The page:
Posted on August 14th, 2014 by Craig Newmark
Folks, I started this craigconnects thing because I really want to use tech to give a real voice to the voiceless, and real power to the powerless. Ever since starting craigconnects, I've created a list of issues areas that I'm really focusing on. It's important that we work together, as a community, and collaborate to create real social change. You can't change the world from the top down.
Here are just 5 (of many) reasons we need social change:
- We seem to throw money into food and housing, yet a lot of folks are still in need, so something isn't working right. This includes military families and veterans. We need to do it better.
- We need to improve the reentry experience of war veterans into the American economy and society. Less than 1% of Americans currently serve in the military, so this is a really important conversation to have. The conversation has already been started, we just need to keep collaborating and working toward our goals.
- Journalism Ethics. We need to ensure that journalism fulfills its role as the heart of democracy and its mission of seeking truth and building trust. The press should be the immune system of democracy. Turns out that what we have now are a lot of ethics codes and policies, but very little accountability. This is something I often discuss when I talk about trustworthy journalism in a fact-checking-free world. And this is also why I joined the board of Poynter, and work with the Columbia Journalism Review, Center for Public Integrity, and Sunlight Foundation.
- There are some real bad actors out there trying to implement laws to stop eligible people, including women, the elderly, and disenfranchised communities, from voting. What I learned in high school civics class is that an attack on voting rights is virtually the same as an attack on the country. We need to step up and remind folks that the Founders of the US tell us that everyone is equal in the eyes of the law, meaning that citizens have the right to vote. And we need to protect that right.
- Today, women represent 12% of all computer science graduates. In 1984, they represented 37%. This number should be increasing, and we can change that. It's important that we encourage girls and women to get involved in tech. Here's more on the importance of girls in tech.
Personally, I'm a nerd, and feel that life should be fair, that everyone gets a chance to be heard, and maybe to help run things. Sure, life isn't fair, but that won't slow me down. A nerd's gotta do what a nerd's gotta do.
Note to self: JUST LISTEN. That is, don't ALWAYS attempt to solve the problem, SOMETIMES YOU JUST NEED TO LISTEN. (Courtesy of "You Just Don't Understand" by Deborah Tannen.)
Posted on August 12th, 2014 by Craig Newmark
Hey, here's a short audio clip, recorded by the EK-FM Radio Presenter, Nancy Sungu, in Kenya. For the past 8 weeks, EK-FM has been off-air due to maintenance issues (in fact, a lizard got into their security shed and fried their transmitter!). The silent air-waves caused much upset in the community.
In the interview, Diana Akinyi, a small-scale farmer on Mfangano Island, explains the impact of EK-FM. Each week she listens to the farmer's voice radio hour to get up-to-date information on local farming practices. While the radio was off-air getting repaired she missed out!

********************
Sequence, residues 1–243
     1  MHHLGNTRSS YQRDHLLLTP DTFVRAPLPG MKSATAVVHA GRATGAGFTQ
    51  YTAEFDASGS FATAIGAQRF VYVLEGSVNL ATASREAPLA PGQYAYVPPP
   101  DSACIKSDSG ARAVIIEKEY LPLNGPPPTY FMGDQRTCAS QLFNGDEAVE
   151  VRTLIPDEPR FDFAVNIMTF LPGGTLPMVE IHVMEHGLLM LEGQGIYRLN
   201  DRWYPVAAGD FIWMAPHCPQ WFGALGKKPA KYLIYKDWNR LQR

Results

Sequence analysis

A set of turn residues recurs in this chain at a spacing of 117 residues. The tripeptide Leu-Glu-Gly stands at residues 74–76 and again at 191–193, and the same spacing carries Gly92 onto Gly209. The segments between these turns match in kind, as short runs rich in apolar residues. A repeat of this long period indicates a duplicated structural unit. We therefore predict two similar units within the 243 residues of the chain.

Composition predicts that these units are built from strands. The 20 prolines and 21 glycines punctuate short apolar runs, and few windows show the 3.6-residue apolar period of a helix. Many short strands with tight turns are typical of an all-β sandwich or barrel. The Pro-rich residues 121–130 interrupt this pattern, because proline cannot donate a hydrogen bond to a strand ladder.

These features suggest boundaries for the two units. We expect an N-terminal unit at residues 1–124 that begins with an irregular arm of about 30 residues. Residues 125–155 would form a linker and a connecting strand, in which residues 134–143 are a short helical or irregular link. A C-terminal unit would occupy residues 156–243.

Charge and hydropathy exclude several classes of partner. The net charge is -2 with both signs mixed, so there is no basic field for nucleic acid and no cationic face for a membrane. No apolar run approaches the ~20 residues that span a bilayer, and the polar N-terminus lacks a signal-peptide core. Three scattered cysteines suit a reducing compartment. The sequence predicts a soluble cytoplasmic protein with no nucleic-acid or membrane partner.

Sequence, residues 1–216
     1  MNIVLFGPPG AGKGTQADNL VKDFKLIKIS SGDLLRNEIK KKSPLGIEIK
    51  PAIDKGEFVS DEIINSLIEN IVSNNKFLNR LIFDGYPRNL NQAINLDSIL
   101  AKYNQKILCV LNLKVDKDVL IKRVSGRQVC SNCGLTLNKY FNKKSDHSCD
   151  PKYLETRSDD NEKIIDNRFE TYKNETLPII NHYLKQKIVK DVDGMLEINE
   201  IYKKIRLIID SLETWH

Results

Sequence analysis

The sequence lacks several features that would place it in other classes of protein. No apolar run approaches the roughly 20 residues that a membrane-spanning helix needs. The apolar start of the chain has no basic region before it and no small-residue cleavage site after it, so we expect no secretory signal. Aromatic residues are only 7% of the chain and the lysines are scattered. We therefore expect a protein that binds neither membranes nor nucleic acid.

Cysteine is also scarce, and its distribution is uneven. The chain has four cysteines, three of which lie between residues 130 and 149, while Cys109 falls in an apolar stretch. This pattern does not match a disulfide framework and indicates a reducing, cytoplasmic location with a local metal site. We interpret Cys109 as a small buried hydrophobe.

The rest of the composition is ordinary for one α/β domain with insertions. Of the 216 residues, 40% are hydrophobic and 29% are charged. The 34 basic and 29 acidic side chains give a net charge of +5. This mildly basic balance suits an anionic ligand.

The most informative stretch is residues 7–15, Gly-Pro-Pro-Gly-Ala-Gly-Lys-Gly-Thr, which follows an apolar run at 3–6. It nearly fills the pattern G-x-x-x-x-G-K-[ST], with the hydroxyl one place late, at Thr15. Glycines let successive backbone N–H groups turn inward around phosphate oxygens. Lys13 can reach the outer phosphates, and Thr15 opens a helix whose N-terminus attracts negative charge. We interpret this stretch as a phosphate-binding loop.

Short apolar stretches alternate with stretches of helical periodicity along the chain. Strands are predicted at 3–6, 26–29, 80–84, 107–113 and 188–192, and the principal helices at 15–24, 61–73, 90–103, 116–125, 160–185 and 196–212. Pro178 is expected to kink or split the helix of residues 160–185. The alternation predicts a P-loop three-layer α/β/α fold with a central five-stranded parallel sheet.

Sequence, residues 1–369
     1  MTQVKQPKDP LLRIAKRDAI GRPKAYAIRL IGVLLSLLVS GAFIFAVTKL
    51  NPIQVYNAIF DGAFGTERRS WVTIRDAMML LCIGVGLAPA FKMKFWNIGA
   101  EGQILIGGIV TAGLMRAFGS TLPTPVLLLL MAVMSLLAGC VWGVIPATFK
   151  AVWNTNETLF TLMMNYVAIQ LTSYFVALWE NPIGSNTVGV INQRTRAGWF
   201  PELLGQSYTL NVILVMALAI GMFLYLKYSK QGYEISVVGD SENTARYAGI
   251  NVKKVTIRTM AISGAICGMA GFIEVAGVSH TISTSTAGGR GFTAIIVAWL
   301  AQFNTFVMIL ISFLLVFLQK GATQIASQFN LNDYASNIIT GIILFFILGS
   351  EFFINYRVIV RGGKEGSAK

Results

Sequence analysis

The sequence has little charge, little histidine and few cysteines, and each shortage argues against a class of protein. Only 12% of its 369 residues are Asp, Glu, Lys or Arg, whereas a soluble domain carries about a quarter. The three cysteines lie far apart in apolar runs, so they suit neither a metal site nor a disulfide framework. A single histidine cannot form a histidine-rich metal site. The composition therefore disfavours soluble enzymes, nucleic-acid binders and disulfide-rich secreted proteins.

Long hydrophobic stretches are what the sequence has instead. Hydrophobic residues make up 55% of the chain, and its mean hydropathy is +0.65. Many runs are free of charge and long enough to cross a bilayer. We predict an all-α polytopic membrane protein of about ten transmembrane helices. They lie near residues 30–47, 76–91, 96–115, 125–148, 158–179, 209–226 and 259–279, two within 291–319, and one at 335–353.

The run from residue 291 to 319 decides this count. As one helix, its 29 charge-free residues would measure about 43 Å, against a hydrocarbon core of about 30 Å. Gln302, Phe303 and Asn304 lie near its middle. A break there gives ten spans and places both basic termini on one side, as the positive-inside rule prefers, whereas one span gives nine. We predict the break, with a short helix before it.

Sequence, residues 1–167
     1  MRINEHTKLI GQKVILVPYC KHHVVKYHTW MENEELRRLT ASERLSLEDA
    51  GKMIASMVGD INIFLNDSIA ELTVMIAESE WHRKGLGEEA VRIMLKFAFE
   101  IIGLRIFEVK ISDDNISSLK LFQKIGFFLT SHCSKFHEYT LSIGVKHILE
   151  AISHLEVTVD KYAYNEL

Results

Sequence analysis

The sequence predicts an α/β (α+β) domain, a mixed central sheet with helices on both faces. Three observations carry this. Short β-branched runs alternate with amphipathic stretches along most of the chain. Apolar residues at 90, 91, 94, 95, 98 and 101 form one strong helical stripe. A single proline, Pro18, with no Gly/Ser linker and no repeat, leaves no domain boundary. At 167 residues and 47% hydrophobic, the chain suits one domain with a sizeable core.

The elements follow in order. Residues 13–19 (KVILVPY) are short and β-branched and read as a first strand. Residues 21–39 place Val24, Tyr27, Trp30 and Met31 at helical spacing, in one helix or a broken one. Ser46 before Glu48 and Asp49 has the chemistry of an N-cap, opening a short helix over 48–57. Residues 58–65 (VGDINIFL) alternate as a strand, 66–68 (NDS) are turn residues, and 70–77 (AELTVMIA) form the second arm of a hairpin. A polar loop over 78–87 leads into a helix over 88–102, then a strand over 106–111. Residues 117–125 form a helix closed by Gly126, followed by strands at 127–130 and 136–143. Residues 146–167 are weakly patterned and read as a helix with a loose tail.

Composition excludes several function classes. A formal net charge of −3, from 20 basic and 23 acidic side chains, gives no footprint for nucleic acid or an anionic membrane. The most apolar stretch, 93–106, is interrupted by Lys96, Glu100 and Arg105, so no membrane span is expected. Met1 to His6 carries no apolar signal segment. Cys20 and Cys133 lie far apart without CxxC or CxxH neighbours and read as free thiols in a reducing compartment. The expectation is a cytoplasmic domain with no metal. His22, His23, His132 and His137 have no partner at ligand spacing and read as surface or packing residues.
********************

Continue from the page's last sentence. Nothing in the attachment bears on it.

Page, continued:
The good news? The transmitter was just returned to the Island last week. And because EK-FM won a 1st place prize award in the Big Ideas at Berkeley competition, they were granted $8K to do a solar upgrade to increase broadcast hours from 5 hours a day to 12 hours a day. This is the real deal.
Posted on August 11th, 2014 by craigconnects
Okay, you already know about useful sites like TripAdvisor and SeatGuru, and you're doing your best to accumulate and use frequent-flier points. Here are some tips to cover the other stuff, inspired partly by my own misadventures.
The context for these tips is that I travel for public service and philanthropy, not business; I haven't been in craigslist management since 2000. (I hear that people travel for "pleasure" or on "vacation," which I understand are mythological concepts.)
Store everything online. Anything that has to be local, encrypt. Act as if you could lose your laptop anytime. Recently, I cleverly left my backpack in the cab taking me from airport to hotel, containing my laptop and medicines. The latter includes thyroid medicine, since I need it daily or I WILL DIE. (Slight exaggeration.)
As for forgetting the laptop, that's expensive, but I keep very little data locally (anything sensitive is elsewhere). Worst that could happen is that someone would learn my terrible taste in music and books…
Learn to do pretty much everything on the phone. Seriously, I can do almost all of my work on a smartphone, though some tasks are much easier on a laptop. Regarding your phone, store everything online. Accept that your terrible taste in music and books will become public. Always carry your phone in a pocket or somehow attached to you. For male humans, if the pocket thing doesn't work for you, learn to love the "murse." May have begun with Seinfeld…
Before you get to the airport, or inflight with Wi-Fi, check out your flight status. Now and then, I get a flight canceled with little notice. Sometimes that happens when I'm in flight, and my connecting flight is the problem. I use flightstats, which also seems to have the most current ETA. Even if you're at the airport, and they ask you to line up for customer service to get a flight, get on the phone while you're in the line.